TL;DR: When you add new information to an existing answer, you are circumventing the voting which should take place on your answer. If you want to add to someone else's answer, write your own and indicate that you're supplementing an existing answer. There are two principal exceptions to this explained in detail at the bottom, regarding additional information found in comments, and to add updates if the answer becomes obsolete.
Your edits may very well be on point and correct additions to supplement the answer and make it better, however, by adding new information to an existing answer, you are (unintentionally in this case although some people could do it intentionally) evading the voting process where the community evaluates the value of your addition.
Think of it this way with a somewhat edge case example. Joe Billsman has an issue sees a question about his same that already has 5+ answers. He reads through the answers, but none of them fully fix his issue. After searching for a while, he figures out how to solve his problem. Wanting to make sure his answer is possible to find by others in his situation, he considers posting his answer, which is extremely similar to one of the highest voted answers with the exception of one or two steps that made all the difference for him.
But Joe stops to think, and sees that his answer will be all the way at the bottom of the page, harder to find for people with that problem. Joe thinks his fix is really important because it was essential to him, so to make sure it gets seen, Joe edits his answer into the similar high voted answer.
What's the issue here? The problem is that Joe's only source of judgement as to the usefulness of his solution is his own. Maybe the reason why that answer wasn't already there is because it is actually not all that useful to the general community, or because the answer was wrong and his "solution" just coincidentally fixed things (perhaps because of a misunderstanding the original problem). Or the answer could be just fine and valuable. But now, without any community input to validate or question that answer to see if it was good or not (through voting principally and possibly comments), Joe's answer is located inside a post with one of the highest vote counts. Joe is happy about that, because he thinks his addition to the answer is really important and deserves to be there, but the community hasn't evaluated the content that he has added, yet when someone looks at the answer, they'll see the high vote count are much more likely to trust the answer, which hasn't actually been evaluated by the community.
This case is kind of specific, but it demonstrates what happens when another person adds new content to an existing answer. It could be for any reason, like your own reason to add a meaningful extension to the existing solutions, or someone who wants to show a more efficient way to do the exact same thing. All of these are good things, however if you simply edit it into the answer, you sidestep the voting process, with your addition assuming the existing standing of the answer you edited.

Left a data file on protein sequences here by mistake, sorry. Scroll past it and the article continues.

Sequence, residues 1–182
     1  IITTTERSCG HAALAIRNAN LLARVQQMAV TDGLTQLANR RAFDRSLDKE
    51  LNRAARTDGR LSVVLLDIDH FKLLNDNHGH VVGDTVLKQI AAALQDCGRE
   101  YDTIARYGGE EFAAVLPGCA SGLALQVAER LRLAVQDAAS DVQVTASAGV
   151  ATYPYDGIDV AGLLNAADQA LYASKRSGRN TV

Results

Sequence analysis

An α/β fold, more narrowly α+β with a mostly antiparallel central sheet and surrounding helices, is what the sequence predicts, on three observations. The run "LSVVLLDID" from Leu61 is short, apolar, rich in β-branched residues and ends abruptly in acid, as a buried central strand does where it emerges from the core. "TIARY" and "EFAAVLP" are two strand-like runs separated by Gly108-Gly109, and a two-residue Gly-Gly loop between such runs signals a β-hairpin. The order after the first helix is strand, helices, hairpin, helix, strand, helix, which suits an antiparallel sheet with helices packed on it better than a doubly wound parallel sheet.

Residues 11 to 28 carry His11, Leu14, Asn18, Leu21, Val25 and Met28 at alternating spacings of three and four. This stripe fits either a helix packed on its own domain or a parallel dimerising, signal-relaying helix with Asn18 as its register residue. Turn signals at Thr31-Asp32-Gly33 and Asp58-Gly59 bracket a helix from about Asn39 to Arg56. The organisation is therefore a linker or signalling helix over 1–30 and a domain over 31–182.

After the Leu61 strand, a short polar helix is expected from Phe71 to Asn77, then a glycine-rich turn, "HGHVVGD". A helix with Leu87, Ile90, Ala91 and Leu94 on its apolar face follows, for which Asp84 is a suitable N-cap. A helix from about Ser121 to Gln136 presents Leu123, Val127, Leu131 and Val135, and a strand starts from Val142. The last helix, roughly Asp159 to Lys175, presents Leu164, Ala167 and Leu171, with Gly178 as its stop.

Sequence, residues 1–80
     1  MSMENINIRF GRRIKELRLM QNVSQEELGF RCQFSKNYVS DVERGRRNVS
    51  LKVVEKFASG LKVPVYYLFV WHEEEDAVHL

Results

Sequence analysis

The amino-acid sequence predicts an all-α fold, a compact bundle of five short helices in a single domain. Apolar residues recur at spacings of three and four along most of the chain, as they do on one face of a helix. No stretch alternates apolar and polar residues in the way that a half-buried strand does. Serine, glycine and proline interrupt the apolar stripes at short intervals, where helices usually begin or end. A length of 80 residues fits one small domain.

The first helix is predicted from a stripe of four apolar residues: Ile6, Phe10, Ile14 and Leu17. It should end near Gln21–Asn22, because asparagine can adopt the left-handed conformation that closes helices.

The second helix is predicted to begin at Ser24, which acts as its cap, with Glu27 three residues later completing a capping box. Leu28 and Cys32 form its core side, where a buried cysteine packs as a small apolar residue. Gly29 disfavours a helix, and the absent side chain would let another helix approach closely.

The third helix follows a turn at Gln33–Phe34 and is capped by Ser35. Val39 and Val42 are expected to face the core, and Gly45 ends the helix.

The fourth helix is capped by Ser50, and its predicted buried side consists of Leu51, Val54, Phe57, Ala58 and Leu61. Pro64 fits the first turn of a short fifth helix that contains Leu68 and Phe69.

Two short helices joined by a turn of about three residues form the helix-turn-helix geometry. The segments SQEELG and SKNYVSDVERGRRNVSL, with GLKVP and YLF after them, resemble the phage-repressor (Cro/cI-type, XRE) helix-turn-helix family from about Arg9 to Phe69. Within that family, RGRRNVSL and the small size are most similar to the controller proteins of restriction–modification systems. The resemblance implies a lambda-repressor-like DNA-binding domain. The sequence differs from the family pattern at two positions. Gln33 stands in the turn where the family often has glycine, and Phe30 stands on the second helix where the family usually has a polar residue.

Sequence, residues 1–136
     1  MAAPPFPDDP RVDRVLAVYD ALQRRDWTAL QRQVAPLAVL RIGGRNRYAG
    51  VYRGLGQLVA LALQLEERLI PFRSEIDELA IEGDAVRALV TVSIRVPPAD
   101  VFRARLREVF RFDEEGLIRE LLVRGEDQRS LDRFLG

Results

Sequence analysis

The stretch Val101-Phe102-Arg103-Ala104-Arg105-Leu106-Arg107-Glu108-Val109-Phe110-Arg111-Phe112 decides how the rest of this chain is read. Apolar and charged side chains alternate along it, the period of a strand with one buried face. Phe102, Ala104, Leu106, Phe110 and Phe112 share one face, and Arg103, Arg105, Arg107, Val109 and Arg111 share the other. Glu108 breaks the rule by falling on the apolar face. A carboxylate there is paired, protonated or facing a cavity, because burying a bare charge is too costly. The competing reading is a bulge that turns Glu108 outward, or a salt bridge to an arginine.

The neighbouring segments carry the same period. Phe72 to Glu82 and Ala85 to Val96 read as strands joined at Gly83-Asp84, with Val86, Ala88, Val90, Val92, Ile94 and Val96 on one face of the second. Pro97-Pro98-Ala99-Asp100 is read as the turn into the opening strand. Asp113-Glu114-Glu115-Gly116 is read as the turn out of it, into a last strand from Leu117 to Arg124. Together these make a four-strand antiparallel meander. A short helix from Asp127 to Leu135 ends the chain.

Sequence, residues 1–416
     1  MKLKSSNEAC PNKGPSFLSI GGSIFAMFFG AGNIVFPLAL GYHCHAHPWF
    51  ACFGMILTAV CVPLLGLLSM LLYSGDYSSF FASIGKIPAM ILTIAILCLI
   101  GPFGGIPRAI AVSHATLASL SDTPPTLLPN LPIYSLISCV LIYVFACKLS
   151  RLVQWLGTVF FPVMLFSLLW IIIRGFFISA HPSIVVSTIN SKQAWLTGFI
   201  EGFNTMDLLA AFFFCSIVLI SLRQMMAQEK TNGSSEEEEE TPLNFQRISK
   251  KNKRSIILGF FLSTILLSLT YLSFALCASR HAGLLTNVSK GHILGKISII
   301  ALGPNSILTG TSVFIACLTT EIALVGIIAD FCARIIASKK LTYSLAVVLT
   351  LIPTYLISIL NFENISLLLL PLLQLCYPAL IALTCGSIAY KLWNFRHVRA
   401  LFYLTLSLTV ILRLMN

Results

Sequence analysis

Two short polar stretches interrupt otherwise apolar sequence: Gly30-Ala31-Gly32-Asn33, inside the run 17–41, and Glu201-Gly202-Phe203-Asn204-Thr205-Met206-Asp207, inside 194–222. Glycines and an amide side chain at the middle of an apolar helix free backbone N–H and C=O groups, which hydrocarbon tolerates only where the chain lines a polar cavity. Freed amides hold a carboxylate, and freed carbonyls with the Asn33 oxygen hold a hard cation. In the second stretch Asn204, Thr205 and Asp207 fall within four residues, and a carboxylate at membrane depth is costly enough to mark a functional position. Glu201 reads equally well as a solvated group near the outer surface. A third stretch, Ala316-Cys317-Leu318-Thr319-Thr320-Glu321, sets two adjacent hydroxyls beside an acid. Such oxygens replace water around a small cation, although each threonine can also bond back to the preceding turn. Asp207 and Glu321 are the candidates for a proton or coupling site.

The proper way to add new content (even little amounts) to an answer is to do as Tensibai suggested:
...at this point, it may also be another answer starting by 'To complement @nekno answer....'.
and thereby posting the content you want to add as a distinct answer, that way your addition can be evaluated for accuracy and usefulness by the community outside of the original answer.
Do note that this is a suggestion when you want to edit new material into an existing post. There are many, many reasons to edit posts to make them better, though "better" should not mean adding new material, rather, it should mean making what's there more presentable/clear.
Two important exceptions to this:
These are found on the Help Center's Guide to Editing.
Editing is appropriate:
To include additional information only found in comments, so all of the information relevant to the post is contained in one place.
The most obvious time I see this done is when the OP has made a comment with more information to their own post without including it in their question. These can be integrated into the question easily since they are the OP's own words that you're just collecting into one place. I've also seen this done when post's comments are somewhat aged, where it is obvious that the OP has not acknowledged the comments, or they've explicitly accepted the comments but haven't edited their post to reflect it after a time. But use much caution when doing this, because you don't want to edit something into a question that the OP didn't add because they did not want it to be there.
To correct minor mistakes or add updates as the post ages
Leaning to the second half of adding updates as the post ages, this is also a special case that should be considered if an answer becomes obsolete. When it is actually appropriate to make these edits is discussed in length in Good question, old version-dependent answer and its linked questions.
string durationeither, it was just a dead local like the
doubletime in seconds that Mike added. I don't know C# either, but I know about strongly-typed languages, and this looks clearly useful, because it's going directly from the
propto a numeric, while the original only showed going directly to a string. The only problem with the edit is that the changelog was too generic: it should have said "also show how to get numeric timestamps"